‘Journey to the Savage Planet:’ A planet full of dreams

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‘Journey to the Savage Planet:’ A planet full of dreams

Image courtesy of SavagePlanetGame.com

Image courtesy of SavagePlanetGame.com

Image courtesy of SavagePlanetGame.com

Image courtesy of SavagePlanetGame.com

By Dominic D'Amico

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“Journey to the Savage Planet” is at its best when all its separate elements are running smoothly, in tandem with one another. Occasionally though, certain elements can go rogue and remove players from the experience. Luckily those rogue moments are few and far between, because all in all, “Journey to the Savage Planet” is an entertaining, mostly funny trip through a chimerical world packed with interesting sights, sounds and critters.

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Screen capture from “Journey to the Savage Planet.”

Story-wise, “Journey to the Savage Planet” starts with the player arriving on the far-off planet AR-Y26, supposedly devoid of intelligent life, with the goal of gathering data about the native plants and animals to see if it can be colonized. As an employee of Kindred Aerospace, the recently crowned “4th Best Stellar Exploration Company,” players have been sent without any sort of equipment for protection or traversal.

Instead, the player has been sent sent with a 3D printer that utilizes scavenged resources to create new gear, a snarky AI assistant named EKO and a vending machine full of a food paste called Grob. As players step out into the world, a massive alien tower rising above the landscape makes it apparent the world isn’t as devoid of intelligent life as previously thought.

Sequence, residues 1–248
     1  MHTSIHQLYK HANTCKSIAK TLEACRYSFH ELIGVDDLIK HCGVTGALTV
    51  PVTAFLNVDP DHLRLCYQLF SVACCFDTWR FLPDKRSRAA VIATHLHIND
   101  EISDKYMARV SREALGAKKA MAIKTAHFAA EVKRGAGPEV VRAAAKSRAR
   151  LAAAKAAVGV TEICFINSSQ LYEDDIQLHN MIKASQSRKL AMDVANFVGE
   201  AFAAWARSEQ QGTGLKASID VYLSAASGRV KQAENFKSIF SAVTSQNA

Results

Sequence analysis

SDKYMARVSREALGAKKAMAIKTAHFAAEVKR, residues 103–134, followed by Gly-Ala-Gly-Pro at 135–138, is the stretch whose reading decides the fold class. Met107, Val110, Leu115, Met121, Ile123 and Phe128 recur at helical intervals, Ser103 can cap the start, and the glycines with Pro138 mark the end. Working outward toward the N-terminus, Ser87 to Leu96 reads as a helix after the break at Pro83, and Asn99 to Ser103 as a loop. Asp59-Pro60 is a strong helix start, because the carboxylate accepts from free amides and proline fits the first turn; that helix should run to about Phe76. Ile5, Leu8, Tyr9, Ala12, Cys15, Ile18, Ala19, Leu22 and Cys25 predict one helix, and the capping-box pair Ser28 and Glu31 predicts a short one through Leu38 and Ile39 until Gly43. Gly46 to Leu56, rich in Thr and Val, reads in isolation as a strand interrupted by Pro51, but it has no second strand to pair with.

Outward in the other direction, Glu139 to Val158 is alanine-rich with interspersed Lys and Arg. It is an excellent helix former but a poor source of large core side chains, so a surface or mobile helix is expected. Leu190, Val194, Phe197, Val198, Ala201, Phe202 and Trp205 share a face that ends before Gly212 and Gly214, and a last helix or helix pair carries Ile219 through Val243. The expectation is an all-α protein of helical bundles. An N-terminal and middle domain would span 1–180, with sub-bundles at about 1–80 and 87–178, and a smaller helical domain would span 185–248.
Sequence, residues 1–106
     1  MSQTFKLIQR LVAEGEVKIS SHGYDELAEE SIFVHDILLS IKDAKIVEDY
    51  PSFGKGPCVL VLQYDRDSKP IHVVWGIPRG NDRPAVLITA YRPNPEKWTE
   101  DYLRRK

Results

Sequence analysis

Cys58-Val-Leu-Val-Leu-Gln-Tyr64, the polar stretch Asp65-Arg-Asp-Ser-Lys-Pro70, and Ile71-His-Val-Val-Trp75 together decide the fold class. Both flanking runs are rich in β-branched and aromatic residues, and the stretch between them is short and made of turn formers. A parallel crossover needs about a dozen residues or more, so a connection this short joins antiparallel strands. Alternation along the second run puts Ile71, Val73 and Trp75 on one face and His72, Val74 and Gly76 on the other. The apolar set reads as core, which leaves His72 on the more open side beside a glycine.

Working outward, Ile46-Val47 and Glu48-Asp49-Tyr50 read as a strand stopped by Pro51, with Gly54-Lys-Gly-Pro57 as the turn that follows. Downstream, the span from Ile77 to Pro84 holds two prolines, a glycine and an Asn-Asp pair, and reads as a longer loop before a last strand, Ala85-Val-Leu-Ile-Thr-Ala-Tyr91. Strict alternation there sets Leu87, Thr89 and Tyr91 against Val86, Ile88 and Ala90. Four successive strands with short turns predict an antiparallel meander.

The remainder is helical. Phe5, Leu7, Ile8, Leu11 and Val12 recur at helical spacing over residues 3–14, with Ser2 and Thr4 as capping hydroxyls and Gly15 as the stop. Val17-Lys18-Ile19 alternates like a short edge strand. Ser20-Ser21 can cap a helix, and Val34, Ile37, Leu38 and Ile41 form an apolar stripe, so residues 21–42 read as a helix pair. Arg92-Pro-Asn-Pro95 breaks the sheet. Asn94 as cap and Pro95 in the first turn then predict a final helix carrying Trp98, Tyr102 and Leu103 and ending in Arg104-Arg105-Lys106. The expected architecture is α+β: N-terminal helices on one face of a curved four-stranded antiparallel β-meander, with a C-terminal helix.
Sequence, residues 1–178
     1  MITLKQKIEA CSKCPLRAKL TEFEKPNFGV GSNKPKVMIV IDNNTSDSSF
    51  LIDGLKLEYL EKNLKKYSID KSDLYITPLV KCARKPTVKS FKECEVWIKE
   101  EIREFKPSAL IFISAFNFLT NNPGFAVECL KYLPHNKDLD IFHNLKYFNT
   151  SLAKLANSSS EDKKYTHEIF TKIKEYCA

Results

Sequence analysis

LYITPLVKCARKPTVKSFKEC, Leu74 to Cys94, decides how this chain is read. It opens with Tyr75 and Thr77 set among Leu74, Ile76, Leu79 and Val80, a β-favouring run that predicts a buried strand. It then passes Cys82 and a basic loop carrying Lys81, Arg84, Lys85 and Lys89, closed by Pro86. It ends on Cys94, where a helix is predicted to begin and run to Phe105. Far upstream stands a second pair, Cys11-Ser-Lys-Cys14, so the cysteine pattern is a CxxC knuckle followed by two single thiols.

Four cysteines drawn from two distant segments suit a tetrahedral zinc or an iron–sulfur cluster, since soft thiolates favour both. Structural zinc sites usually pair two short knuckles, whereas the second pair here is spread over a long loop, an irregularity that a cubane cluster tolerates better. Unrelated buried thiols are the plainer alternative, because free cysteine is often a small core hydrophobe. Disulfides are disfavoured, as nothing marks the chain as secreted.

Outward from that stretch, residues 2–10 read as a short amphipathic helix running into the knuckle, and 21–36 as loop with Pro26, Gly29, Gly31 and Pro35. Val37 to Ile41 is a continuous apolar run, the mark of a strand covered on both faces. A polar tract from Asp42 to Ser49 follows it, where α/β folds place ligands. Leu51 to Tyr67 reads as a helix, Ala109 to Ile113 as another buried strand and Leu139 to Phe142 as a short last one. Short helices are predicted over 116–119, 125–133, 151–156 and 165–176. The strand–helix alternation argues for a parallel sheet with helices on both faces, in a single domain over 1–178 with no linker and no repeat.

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Screen capture from “Journey to the Savage Planet.”

But where games like “No Man’s Sky” take more serious approaches, “Journey to the Savage Planet” follows in the footsteps of games like the “Borderlands” series as well as “The Outer Worlds” with a satirical approach. As players scan the local flora and fauna, EKO chimes in with wry explanations. For example, scanning a plant that heals the player elicits the explanation “They’re drugs. But good drugs. For healing. Not fun.”

Inside the player’s ship, “The Javelin,” fake commercials play on the television for absurd, outlandish products. For the most part, the humor lands well, but occasionally a crude, crass attempt at a joke comes crashing out of nowhere and sours the experience.

In terms of gameplay, “Journey to the Savage Planet” combines Metroidvania style adventure gameplay with less than stellar shooting mechanics. Traversal across environments is a blast, especially once players start to collect upgrades to stamina and equipment.

Exploring the different environments will reveal treasures and secrets that require new or upgraded items, giving players activities and items to return for after beating the final boss. Combat, though, is kind of slow and hard to handle. Players often have to lead shots, plus there’s no way to aim down the sights. Instead, aiming with the weapon feels like the character just leaned their head forward a bit.

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Finally, the music for “Journey to the Savage Planet” is excellent. Twangy strings and guitars lend a bluegrass vibe to proceedings as players wander and explore. When the musical pace picks up during fights and boss battles, the music gives the whole affair a wonderfully frantic, improvised feeling.

From the first steps outside the main character’s spaceship into an icy, glacial crater at the start of the game, to grappling high in the sky across verdant floating islands in one of the final areas, “Journey to the Savage Planet” is an amazing sight to see. The combat could handle better and the occasional joke falls flat, but overall “Journey to the Savage Planet” is an incredibly worthwhile experience.

Overall rating: 8.0/10

This game was reviewed by Dominic D’Amico, playing on Xbox One S. Game code was provided by 505 Games.